Many years after its first announcement, the Dwayne Johnson Black Adam movie is finally here. The Rock has promised that the “hierarchy of power in the DC universe is about to change,” but does this fanciful boast have merit? Black Adam the character may have the power to take on Superman, but the movie is all lightning and sometimes forgets the thunder.
Nothing but heartache
Kahndaq was once at the forefront of civilization before it was wiped out in a battle between the Champion of Shazam Teth-Adam (Dwayne Johnson) and a tyrant king wielding the crown of the demon Sabbac — as the intriguing prologue tells it. 5,000 years later, the well-funded criminal organization Intergang rules modern Kahndaq, and heroes like the Justice League or Justice Society haven’t helped — until archaeologist Adriana Tomaz (Sarah Shahi) uncovers the crown of Sabbac and unleashes Black Adam on the country.
That’s as complicated as the plot gets, really. Black Adam violently kills many Intergang soldiers, Adriana and her family try to keep the crown out of their hands while persuading Adam to be the hero they need, and the Justice Society comes in to put Adam down. Add a literal demon and that’s the story.
The biggest irritation about the storytelling is that a major twist was spoiled in the movie’s trailer. However, things remain pretty straightforward throughout — too much, in fact. The pretty competent Intergang’s motivations are never really laid bare and they eventually disappear. Characters impossibly know things, which happens a little too often in Black Adam, and at least one awful line — “the readout says it’s the demon Sabbac!” — will haunt my dreams.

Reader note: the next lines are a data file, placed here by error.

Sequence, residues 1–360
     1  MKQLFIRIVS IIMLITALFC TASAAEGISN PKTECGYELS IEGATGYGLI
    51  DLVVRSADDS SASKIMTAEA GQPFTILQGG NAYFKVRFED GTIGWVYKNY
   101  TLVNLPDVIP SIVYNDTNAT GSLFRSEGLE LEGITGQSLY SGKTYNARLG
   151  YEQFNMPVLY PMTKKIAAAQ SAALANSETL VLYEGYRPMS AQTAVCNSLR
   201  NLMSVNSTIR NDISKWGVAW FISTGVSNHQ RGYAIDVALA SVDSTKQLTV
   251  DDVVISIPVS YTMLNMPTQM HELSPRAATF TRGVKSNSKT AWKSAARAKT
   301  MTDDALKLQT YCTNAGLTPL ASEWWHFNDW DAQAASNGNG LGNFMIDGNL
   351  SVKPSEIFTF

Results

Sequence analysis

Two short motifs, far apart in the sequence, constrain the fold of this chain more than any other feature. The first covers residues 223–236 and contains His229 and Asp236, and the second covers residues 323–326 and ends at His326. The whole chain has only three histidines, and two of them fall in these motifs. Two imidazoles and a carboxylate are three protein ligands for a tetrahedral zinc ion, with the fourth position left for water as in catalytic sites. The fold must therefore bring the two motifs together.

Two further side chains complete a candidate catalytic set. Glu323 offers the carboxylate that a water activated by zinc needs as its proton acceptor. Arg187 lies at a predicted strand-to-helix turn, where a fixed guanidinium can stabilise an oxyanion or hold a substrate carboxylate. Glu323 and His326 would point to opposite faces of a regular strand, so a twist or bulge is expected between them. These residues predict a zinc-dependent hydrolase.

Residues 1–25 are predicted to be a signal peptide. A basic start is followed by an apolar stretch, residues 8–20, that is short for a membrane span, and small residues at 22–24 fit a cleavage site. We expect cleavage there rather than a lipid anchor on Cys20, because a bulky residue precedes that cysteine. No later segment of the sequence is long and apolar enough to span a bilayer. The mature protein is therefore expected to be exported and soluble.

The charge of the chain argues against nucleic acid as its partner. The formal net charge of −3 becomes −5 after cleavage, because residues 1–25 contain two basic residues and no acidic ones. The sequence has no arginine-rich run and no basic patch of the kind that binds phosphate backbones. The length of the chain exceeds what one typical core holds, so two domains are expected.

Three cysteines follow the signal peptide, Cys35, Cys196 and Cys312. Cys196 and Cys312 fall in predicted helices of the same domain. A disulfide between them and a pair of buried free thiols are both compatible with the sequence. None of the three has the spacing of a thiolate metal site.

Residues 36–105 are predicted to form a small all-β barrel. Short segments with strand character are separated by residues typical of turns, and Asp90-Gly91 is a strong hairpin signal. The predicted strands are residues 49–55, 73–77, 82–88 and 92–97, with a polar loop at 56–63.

The power of Shazam
That all said, when it comes to action and having a sheer all-out fun time, Black Adam delivers. All the action setpieces are amazing and very imaginative, whether it’s Adam attacking dozens of Intergang soldiers armed with magical weapons or taking on the whole Justice Society. Johnson’s Black Adam is incredible to watch, a ball of rage and power that is equal parts terrifying and exciting.
While it sadly falls into the all-too-familiar superhero movie trap of leaving the main villain to the very end and dispatching them quickly, Black Adam’s two-hour runtime is never less than thrilling all the way through. There isn’t a single moment that’s boring. It’s regularly funny, too, particularly anything to do with the very green Atom Smasher/Al Rothstein (Noah Centineo) and Karim (Mohammed Amer), although Adam himself is often amusing in a Terminator-like way.
Furthermore, hardcore DC fans looking for further DCEU vindication will find a lot to geek out about here. The biggest surprise was thoroughly leaked, but Black Adam contains other major cameos too who play a surprisingly big role, not to mention an intriguing new location straight from recent Suicide Squad comics. Plus, Adriana’s son Amon (Bodhi Sabongui) is essentially Shazam’s Freddy Freeman, right down to a room stuffed with DC easter eggs. It’s that post-credits scene that’ll blow minds, however.
In terms of pure all-out superhero action, Black Adam delivers. Sabbac is an underwhelming villain but the constant fight setpieces are never less than stunning, with Dwayne Johnson a force of nature. The writing is regularly funny but the plot is simple, and there are some real dodgy lines in there. Still, it’s Black Adam’s expansion of the DC extended universe that’ll be the topic of the most conversation — especially that cameo.